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As he jumped into the water, he immediately went into freestyle.  No dolphin kicking or diving or whatever.  He just swam. He’s not a super strong swimmer, but he did amazing for 100 yards – resting on the ropes a few times – yet, gathering himself together and getting right out of the water.

Wow.

As he took off on the bike, I was so happy for him… I just knew what a victory that was internally for him.  He was awesome!

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It was barely a blink and he was off on the bike.

…And it was barely a blink and he was BACK from the three mile ride.

Uh-oh…

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Wow – that was fast, I thought.

And it was. Because he missed the second loop.  ACK!

I totally wasn’t thinking as I cheered him out on the run, as the Expert comes flying down the hill, shouting and gesturing to me to grab James before he leaves transition… “He missed the second loop. He only did one loop. I was hollering at him, but he didn’t hear me.  He’s going to DQ.”

I looked, and he was out on the run.  Too late.

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Immediately, I thought, “Shit.”  Not because of anything other than–man, that’s not what he needed.  He needed a positive experience. He was out there giving it his best, and he didn’t need to get kicked down for it.

[And I certainly didn’t need a reputation as raising a course cutting athlete. 🙂 Ha!]

So, the Expert went over and told the race officials as James went out on the run.

As James finished nice and strong with a wonderful run, he was so proud of himself.  I was SO proud of him. Look at this smile.

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The Expert and I decided not to say anything to him (this time) about missing the second bike loop.

It was our fault for not educating him properly that he needed to do two loops. It’s our fault that we didn’t let him know to be more aware of the volunteers shouting instructions, etc.  It was a learning experience (for us, as tri parents) that did NOT need to take away from his victory–at all.

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He doesn’t have an official time.  But honestly, he doesn’t know and he won’t know (at least until he’s older and reads this race report… but by then, he’ll have many other victories and it won’t matter–right? Right… that’s my story.)

The fact that he went out there and seriously gave it his all–I was so stinking proud.  He did so amazing.  So so proud.

Next up, was Stella girl.  Eager and ready to rock.  And she did.

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She hit the water with a take-no-prisoners attitude, right on to her third place podium finish.

We need to work on her transitions–she took a picnic in T1, but otherwise, girl was so fast and happy. The joy on her face was amazing.

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And this running form? Are you kidding me?

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We didn’t stay for the awards, and only found out later that she placed third.

Neither James nor Stella was focused on first, second or third place–they know they got a medal, a t-shirt, and they were happy. They didn’t even ask who won–because in their minds, they did what they came to do–and that was it.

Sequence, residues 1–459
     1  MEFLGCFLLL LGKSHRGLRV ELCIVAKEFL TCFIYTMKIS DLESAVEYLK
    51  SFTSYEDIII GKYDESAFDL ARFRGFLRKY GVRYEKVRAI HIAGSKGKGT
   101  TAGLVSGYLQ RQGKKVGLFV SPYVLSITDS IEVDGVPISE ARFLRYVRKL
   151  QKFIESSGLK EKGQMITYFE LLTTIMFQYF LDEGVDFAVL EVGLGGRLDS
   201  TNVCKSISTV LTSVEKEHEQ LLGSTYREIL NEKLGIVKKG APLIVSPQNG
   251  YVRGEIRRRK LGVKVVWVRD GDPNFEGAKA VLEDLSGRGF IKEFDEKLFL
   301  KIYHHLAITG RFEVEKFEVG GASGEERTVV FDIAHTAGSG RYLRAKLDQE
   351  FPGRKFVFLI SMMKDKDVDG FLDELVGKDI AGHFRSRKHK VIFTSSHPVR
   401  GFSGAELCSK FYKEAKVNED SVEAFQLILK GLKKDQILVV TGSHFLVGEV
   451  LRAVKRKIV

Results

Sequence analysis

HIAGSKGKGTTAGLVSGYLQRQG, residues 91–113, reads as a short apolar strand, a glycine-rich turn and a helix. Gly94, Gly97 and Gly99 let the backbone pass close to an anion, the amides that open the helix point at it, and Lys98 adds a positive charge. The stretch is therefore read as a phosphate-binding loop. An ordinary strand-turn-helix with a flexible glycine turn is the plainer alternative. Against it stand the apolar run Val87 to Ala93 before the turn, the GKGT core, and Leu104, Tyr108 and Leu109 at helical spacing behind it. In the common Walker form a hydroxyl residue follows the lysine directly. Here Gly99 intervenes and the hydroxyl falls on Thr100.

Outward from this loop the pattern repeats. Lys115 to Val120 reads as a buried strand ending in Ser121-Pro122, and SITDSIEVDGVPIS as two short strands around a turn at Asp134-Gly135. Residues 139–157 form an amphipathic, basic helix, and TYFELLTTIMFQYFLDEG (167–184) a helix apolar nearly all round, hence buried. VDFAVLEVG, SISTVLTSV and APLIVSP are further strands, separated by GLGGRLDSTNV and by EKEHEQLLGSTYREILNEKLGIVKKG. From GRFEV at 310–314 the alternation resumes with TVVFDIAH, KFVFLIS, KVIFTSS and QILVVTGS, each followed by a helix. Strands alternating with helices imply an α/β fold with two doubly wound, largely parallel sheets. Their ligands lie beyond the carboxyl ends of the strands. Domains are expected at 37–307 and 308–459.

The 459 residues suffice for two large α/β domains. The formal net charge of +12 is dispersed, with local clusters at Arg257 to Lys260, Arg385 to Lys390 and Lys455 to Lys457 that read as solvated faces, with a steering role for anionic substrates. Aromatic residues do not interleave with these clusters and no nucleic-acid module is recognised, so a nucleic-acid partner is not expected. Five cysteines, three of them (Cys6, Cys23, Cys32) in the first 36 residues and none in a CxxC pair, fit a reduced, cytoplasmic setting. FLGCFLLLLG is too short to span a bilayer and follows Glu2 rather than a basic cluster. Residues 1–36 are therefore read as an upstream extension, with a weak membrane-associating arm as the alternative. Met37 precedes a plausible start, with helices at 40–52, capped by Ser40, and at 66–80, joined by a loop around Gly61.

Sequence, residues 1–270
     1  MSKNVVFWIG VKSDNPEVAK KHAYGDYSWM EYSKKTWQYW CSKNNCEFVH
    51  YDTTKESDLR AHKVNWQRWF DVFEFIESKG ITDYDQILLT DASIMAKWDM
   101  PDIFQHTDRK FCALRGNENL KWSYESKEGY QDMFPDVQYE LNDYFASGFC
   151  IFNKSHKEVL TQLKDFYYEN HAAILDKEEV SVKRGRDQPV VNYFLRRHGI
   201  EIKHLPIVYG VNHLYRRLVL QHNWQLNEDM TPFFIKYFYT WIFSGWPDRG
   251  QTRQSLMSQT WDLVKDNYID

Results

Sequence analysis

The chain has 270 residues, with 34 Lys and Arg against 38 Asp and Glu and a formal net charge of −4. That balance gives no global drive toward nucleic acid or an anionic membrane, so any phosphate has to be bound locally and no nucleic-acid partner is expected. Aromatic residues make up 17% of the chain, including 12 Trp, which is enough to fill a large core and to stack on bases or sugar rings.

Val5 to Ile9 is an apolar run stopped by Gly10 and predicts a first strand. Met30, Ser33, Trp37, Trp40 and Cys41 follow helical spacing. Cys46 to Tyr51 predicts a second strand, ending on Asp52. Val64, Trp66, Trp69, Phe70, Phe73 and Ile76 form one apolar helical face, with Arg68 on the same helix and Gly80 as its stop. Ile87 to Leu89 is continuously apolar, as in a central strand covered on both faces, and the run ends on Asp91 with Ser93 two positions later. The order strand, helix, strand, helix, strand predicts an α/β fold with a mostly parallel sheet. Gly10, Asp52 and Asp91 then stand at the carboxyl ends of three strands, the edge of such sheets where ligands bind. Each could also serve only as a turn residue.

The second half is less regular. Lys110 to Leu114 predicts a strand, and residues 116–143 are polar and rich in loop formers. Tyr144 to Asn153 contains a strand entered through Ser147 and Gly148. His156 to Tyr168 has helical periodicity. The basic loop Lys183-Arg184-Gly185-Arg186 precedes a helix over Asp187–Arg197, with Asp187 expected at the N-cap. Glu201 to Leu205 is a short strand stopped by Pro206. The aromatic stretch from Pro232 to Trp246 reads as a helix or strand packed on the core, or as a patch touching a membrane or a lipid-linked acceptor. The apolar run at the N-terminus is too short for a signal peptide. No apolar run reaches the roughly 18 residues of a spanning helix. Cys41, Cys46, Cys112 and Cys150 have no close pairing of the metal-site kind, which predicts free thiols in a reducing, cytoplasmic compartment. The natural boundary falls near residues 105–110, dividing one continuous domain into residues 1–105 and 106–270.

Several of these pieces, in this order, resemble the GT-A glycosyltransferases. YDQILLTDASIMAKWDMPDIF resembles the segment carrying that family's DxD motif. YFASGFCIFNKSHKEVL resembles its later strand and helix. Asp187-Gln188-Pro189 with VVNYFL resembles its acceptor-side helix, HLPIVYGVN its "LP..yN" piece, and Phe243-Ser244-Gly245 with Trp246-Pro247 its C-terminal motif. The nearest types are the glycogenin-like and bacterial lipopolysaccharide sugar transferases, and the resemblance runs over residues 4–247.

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Still, this was a tricky one for me…

Because Stella certainly deserved to celebrate her third place victory.

But James also deserved to celebrate his effort and giving his all out there, especially when I knew what a challenge it was for him, fighting his inner negative nelly.

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And the Expert and I didn’t know how to allow both to happen without some sort of damage to the other kiddo.  And yes, I get it… life isn’t fair and all of that. But I don’t think there was a valuable lesson for EITHER of them in having Stella awarded a third place with James making a mistake on the course–a mistake that was arguably our fault, too.

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There’s a time and place to crush hopes and dreams–life will do that to you eventually anyway, in some shape or form. And while I am certainly not a helicopter parent who tries to protect my kids from hurts and everything under the sun, I do think that we could do good here–and keep it simple. Why not protect them in this situation? I don’t know….

So we kept it as “everyone did their best” and “everyone finished and did amazing” and now “let’s eat pancakes.”  Not sure if this was a parenting win or fail–but it’s the best we knew to do at the time.

As quickly as James’ joy was present, we have photographic proof that he is a stinker.

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I love them.

Gosh, I love these kids with all of my heart and soul. I love them for their strengths, their weaknesses, their courage and their joy.  I couldn’t have asked for a better day.  They are so very BRAVE!  Man.  (Mom brag alert.)

At dinner each night, the Expert and I ask the kids “High/Low” – which was totally shamelessly stolen from the movie, “Story of Us” where the Michelle Pfeiffer and Bruce Willis characters ask the kids at the dinner table to share their “high” of the day and their “low.”

When it was my turn last night, I said, “My high today is watching you both swim, bike and run.  Just being there and watching you do such amazing things. And trying your best. That is my high.”